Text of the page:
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Another reason why I’ve fallen in love with the Palma is that it forces me to be comfortable with being offline. Sure, I can browse websites and read Kindle books from my iPhone - but distractions like Slack, Instagram, and WhatsApp are all a swipe away. I can choose to install those apps on the Palma if I need them in a pinch, but the added friction of having to do so with an e-ink display means I’m far more likely to stay locked into what I’m reading.

To that end, I also think that the lack of a cellular connection is a massive boon of this device, to the point where I almost use it as a digital minimalist’s iPod. With 128GB of internal storage - which can easily be upgraded with a micro SD card - there’s plenty of space to store a ridiculous amount of data locally, whether that be books or even audio. That’s right - the Palma also comes equipped with Bluetooth, and it wasn’t long before I had my review device loaded up with the entirety of my Spotify collection and several audiobooks from Audible.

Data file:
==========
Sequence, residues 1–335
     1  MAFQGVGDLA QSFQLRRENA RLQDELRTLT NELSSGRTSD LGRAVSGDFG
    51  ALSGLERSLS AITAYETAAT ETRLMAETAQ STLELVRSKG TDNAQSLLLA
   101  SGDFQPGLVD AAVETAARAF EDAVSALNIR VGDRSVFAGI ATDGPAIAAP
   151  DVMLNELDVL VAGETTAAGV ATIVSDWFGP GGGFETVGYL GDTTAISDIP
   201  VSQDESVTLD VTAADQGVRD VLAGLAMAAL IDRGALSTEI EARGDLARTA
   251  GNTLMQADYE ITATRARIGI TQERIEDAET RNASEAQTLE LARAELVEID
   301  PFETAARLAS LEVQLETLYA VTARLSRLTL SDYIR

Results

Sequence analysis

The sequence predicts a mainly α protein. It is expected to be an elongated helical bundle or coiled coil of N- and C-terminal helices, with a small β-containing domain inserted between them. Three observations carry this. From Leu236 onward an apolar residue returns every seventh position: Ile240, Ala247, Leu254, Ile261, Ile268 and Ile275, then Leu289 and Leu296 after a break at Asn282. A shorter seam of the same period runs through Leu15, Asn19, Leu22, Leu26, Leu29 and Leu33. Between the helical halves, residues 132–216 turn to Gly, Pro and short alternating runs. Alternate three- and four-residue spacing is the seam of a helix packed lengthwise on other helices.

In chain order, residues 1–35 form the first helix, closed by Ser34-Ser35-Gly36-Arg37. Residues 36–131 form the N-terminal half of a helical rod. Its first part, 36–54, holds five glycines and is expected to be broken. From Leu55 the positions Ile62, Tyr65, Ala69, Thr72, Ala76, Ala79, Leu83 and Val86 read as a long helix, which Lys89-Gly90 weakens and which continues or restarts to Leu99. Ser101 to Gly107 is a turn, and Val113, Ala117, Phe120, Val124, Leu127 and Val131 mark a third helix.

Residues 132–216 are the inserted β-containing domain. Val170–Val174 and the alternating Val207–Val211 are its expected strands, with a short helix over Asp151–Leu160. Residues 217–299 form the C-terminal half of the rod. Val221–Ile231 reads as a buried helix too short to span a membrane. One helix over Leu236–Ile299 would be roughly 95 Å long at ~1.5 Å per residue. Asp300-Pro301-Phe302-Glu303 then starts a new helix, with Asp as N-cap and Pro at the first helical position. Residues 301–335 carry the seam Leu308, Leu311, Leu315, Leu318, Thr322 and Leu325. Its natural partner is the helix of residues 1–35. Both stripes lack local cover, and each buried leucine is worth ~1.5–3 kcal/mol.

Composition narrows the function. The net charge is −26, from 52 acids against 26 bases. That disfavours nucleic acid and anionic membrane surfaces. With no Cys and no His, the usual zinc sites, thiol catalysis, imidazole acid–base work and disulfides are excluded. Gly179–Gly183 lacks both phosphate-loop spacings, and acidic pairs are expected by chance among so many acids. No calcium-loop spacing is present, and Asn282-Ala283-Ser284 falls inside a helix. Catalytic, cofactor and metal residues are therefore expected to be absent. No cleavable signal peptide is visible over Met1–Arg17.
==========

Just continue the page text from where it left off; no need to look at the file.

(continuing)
Finding the niche

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So, what about those niche use cases that I found myself relying on the Palma for? I like to take myself off on wild camping trips in the UK’s Lake District quite regularly, and I’m usually quite anxious about my phone either losing signal or its battery dying.

On a recent hike, I opted to turn my phone off completely and throw it into my bag for safekeeping, there for emergencies only. Instead, I channelled my earphones through the Palma, listening to podcasts and audiobooks that I’d intentionally downloaded beforehand, with the battery life barely even dented by the time I got back to the car the next day. The only worry here was that the device was only officially rated as water resistant, not waterproof.